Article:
Syracuse to South Africa

Syracuse to South Africa

Conversation on Segregation Held with High School Media Students

In a series of what was in momentum from Trevor Noah’s visit to Syracuse for the celebration of Martin Luther King Jr. Day earlier this year, the Institute of Technology at Syracuse Central hosted an interactive panel March 1 to induce conversations about racism in America and post-apartheid life in South Africa.

Niren Tolsi discusses his slow journalism piece examining the aftermath of the 2012 Marikana massacre. |Ken Harper, Staff Photographer

Along with notable Syracuse journalists and activists, the panel also consisted of journalists from South Africa who shared their work and art during “No Innocence This Side of The Womb” discussion hosted by Syracuse University’s Newhouse Center for Global Engagement. Zuko Gqadavama from Inkululeko, a non-profit serving students in Makhanda, South Africa; photo journalist Paul Botes from Mail & Guardian and reporter Niren Tolsi from The Con were among the visiting panelists.

The discussion began in the school cafeteria after lunch with an agenda of having a conversation with aspiring media students without any boundaries. Botes shared his experience of coming across “angry black men” in most of South Africa’s media. He said every time there was a police raid, a bunch of “predominantly white guys” like himself would crowd the scene that’s filled with vulnerable people.

“It’s important we change the conversation and start changing the way we do things,” Botes said. While sharing an image Botes shot during one of his projects on migrant labor, he spoke about his findings – unpaid labor, harsh living conditions and long working hours. The silence in the room resonated with all the stories that Botes laid in front of the students.

Tolsi continued and added to Botes’ experience by sharing his anecdotes of the 2012 Marikana massacre. “It was quite a disturbing moment for us,” he said. “Our part in this essentially is to try and understand through this really dramatic, brutal moment in our post-apartheid trajectory — where South Africa is right now.”

When Gqadavama took over the discussion, the students instantly connected with him, owing to his past relationship with the school as a mediator. Originally from Makhanda, South Africa, he works as a resource development coordinator at Inkululeko to help educate students in South Africa. “Because before there were different systems of education, white people had better chances and better education,” Gqadavama said. “After the end of apartheid, black communities – their system of education – are still disadvantaged.”

“Is there war still going on in South Africa?” asked one student. To which Tolsi replied, “There’s no obvious war. But there is a war between the people and the state, yes.”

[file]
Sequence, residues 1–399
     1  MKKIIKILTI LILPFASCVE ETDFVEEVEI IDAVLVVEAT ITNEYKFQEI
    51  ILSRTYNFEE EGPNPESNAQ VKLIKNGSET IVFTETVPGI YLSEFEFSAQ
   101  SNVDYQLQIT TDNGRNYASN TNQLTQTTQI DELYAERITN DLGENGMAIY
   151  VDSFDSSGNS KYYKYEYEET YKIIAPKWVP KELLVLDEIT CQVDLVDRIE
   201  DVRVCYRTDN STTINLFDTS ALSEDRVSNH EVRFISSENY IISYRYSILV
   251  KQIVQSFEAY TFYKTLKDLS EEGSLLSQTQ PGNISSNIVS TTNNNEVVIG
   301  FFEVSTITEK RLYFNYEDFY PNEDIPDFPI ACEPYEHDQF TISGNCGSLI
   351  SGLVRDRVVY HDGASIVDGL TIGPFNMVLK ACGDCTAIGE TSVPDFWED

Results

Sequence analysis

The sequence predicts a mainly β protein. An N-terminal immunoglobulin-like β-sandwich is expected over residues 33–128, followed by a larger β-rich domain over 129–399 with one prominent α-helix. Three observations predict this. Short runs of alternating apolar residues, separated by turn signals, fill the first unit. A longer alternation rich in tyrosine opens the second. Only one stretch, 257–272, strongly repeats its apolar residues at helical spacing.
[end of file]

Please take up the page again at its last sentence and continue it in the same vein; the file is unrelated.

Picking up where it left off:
The conversation gradually transitioned into the issues prevalent in Syracuse. The students immediately raised their hands to question Lanessa Chaplin, project counsel for the Central New York Chapter of the New York Civil Liberties Union about I-81 in Syracuse. Many were curious to know whether it would benefit the residents or make commutes harder. Aggie Lane, vice president of Urban Jobs Task Force, spoke about the scarcity of jobs and her petition to the New York State transportation department to not give project labor agreement to the unions unless they open positions for city residents and minorities. She educated the students about using publicly available data to understand the demographics of an area for the cause that she is currently supporting.

Panelist Lanessa Chaplin shows a map from Syracuse’s past on redlining, a racial discrimination practice in mortgage lending banned in 1968. | Sajida Ayuup, Staff Photographer

Jennifer Sanders, from NewsChannel 9; Ken Jackson, reporter and publisher of Urban CNY; Patrick Lohmann, reporter with the Syracuse Media Group, and Ashley Kang, director of The Stand, also spoke to students on the historic nature of the I-81 options, racism in local media and the why the role of journalists is important.

Patrick Lohmann, a Syracuse reporter, answers a question from a student. | Ken Harper, Staff Photographer

Lohmann told students his job is to share his opinion about what should be done with I-81, but to talk to all involved in the process and share current data and relevant information so readers can make their own determination.

The enthusiasm and curiosity in the room increased as the discussion proceeded. Gqadavama concluded the discussion by commenting one of the student’s suggestion about using social media as a tool to expand the Syracuse youth’s knowledge about various things happening around their town. “Social media can be used as a tool to mobilize not necessarily to deal with social issues, but to mobilize everyone to join the conversation,” Gqadavama said. “Let’s say, if someone has 10 followers is saying something that speaks directly to social issues. No likes, no comments, no sharing, no nothing. So, it becomes irrelevant in dealing hereon with issues that are facing the communities.h

He concluded by reading a quote by Kwame Nkrumah, a Ghanaian politician and revolutionary.

“Countrymen, the task ahead is great indeed, and heavy is the responsibility; and yet it is a noble and glorious challenge – a challenge which calls for the courage to dream, the courage to believe, the courage to dare, the courage to do, the courage to envision, the courage to fight, the courage to work, the courage to achieve – to achieve the highest excellencies and the fullest greatness of man. Dare we ask for more in life?”

Syracuse to South Africa

— Article by Sajida Ayyup, Staff Reporter